Thank you to the Merck Family Fund for providing support for travel and accommodations so we could attend this conference!
A report back from AV youth farmer Nelly Burgos:
Earlier this month, on November 10 & 11, me and my team at Added Value were able to go on an over night trip to Hartford, Connecticut. We, as a part of the Youth Food Justice Network (YFJN) team, were invited to attend the Northeast Sustainable Agriculture Working Group (NESAWG) Conference. The YFJN is a collaboration of urban farms and food justice projects in New York City that started in 2015. We are all working towards the same goal, which is to benefit our communities through farming and educating youth. At the Conference, we were excited to network with other youth and food justice advocates, to share our experience with each other, and to build bonds that expand the youth empowerment and food justice movements.
On Thursday night, our YFJN teams all met up around 10-11pm at the Hartford Hampton Inn. We checked into our rooms for the night and prepared for the long conference day ahead. I was able to practice and organize along with several of my other coworkers on a presentation that we were going to give at the conference the next day.
On Wednesday morning, we all woke up extra early to get breakfast and start our day. The conference started at 8:00 am. When we arrived I was astonished by how many people actually attended this regional event. Personally, I’ve attended several conferences and workshops, but this had a certain vibe. Usually we attended events that consist of a couple hundred people, but there were easily close to one thousand at the NESAWG conference. Knowing that for some of my coworkers this was their first conference experience made me feel proud. I was able to be a part of this moment when youth from several states came together to address our issues and give ourselves a voice.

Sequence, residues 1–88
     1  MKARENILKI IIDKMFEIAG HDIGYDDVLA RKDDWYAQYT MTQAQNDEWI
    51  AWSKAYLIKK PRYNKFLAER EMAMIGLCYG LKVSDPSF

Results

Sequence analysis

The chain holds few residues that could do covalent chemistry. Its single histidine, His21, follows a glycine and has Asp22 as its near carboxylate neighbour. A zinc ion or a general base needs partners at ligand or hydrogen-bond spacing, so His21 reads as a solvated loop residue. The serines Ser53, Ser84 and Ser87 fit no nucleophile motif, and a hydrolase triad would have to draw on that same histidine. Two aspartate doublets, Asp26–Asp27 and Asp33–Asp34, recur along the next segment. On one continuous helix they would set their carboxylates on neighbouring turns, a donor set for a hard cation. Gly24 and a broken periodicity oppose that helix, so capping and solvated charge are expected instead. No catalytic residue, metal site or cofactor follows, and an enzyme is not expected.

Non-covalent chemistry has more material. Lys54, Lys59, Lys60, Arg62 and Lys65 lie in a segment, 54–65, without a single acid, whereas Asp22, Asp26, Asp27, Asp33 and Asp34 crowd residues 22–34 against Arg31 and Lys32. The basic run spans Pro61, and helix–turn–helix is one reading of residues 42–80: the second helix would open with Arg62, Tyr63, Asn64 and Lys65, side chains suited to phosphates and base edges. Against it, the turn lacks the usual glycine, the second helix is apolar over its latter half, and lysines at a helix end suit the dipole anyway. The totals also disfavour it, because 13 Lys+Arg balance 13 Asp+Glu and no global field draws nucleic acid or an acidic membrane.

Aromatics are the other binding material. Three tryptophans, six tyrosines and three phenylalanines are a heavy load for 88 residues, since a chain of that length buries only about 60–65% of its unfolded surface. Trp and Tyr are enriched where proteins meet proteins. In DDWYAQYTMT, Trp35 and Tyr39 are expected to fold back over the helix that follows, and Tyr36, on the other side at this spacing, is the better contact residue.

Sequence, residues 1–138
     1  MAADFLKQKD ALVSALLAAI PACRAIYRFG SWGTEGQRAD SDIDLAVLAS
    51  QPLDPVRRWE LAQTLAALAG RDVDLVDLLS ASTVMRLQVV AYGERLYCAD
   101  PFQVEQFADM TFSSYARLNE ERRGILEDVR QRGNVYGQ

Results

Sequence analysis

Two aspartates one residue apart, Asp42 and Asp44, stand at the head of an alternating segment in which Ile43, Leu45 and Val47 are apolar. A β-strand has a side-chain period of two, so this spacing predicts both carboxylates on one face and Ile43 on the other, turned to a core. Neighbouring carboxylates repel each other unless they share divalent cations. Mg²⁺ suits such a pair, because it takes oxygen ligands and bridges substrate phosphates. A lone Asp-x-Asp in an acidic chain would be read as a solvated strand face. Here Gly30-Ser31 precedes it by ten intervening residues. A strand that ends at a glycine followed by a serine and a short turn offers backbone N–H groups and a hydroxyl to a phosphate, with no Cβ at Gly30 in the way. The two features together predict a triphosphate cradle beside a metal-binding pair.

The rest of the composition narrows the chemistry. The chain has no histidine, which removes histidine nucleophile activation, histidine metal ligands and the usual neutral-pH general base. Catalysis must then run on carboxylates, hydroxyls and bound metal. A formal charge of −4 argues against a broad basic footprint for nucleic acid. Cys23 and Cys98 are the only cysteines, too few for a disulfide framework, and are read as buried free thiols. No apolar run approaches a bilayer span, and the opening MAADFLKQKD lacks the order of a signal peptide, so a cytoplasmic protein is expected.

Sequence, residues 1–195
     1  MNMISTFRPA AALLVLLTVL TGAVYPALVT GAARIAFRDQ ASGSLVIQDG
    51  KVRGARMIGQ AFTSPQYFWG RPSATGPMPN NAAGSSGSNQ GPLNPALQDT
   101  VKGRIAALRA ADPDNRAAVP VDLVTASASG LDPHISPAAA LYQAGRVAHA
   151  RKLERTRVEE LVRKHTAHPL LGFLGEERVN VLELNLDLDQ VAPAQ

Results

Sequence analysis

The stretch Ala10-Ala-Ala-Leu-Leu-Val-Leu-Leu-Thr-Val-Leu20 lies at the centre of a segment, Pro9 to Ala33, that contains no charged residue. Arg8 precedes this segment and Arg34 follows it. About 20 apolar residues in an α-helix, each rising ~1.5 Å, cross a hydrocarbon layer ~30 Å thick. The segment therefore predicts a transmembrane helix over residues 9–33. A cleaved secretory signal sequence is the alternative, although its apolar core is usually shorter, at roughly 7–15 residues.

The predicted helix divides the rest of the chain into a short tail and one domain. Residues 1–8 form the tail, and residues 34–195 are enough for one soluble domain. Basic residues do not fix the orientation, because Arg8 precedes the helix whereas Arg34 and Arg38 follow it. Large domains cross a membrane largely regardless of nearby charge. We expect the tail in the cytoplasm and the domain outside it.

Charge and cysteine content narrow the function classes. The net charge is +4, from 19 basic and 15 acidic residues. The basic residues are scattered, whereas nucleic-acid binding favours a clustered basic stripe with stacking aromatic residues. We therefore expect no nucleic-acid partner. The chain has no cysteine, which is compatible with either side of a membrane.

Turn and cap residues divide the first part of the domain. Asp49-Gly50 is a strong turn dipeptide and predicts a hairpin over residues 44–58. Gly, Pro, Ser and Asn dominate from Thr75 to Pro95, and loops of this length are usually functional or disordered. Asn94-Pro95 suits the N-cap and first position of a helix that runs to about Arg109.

At the first workshop of the day, me and my coworkers from East New York Farms and Friends of the Highline presented in front of at least 80 people. We were extremely nervous but we were able to pull through as we got into the flow of talking about the work that we do. After we finished our presentation, we were able to attend many other workshops that focused on youth leading youth, adultism, and even a workshop that gave the youth a voice to speak on politics following the presidential election.
In the middle of the day, a group of us went to a near by restaurant to have lunch together. We all got pizza and hung out with new folk. We ended up doing one of social media’s trending challenges, The Mannequin Challenge. It basically had all of us freeze in action and take a video with music playing.
After our fun lunch, Corey, the youth leader at Added Value, led a facilitated conversation in order for us to get to know each other better and to talk about how we can better connect with each other in the future from such distance across the northeast. We brainstormed as a large group and ended up coming up with the idea that we would stay in touch through social media and plan more events of our own that would involve the same faces meeting and getting familiarized with each other.
After the last workshop of the day was over, we did once more mannequin challenge before we finished the day off with a dinner that the conference provided—it was marvelous. There we all got to sit and take a break from everything we had learned. I was able to ponder back on my experience, and I realized that going through the time and effort of planning to host workshops and planning how to represent your organization wasn’t for nothing. All of us youth simply attending and giving ourselves a voice, exchanging contact information by will, was spreading promotion of the movement on its own. The idea of networking, speaking up, and connecting to others has become natural as I get accustomed to the conference routine. I was able to learn that we are not the only ones within this movement, and that adultism is becoming a more familiar topic in society. I see that not only youth but some of our adults are passionate about a change that will make space for the youth of this generation to step up.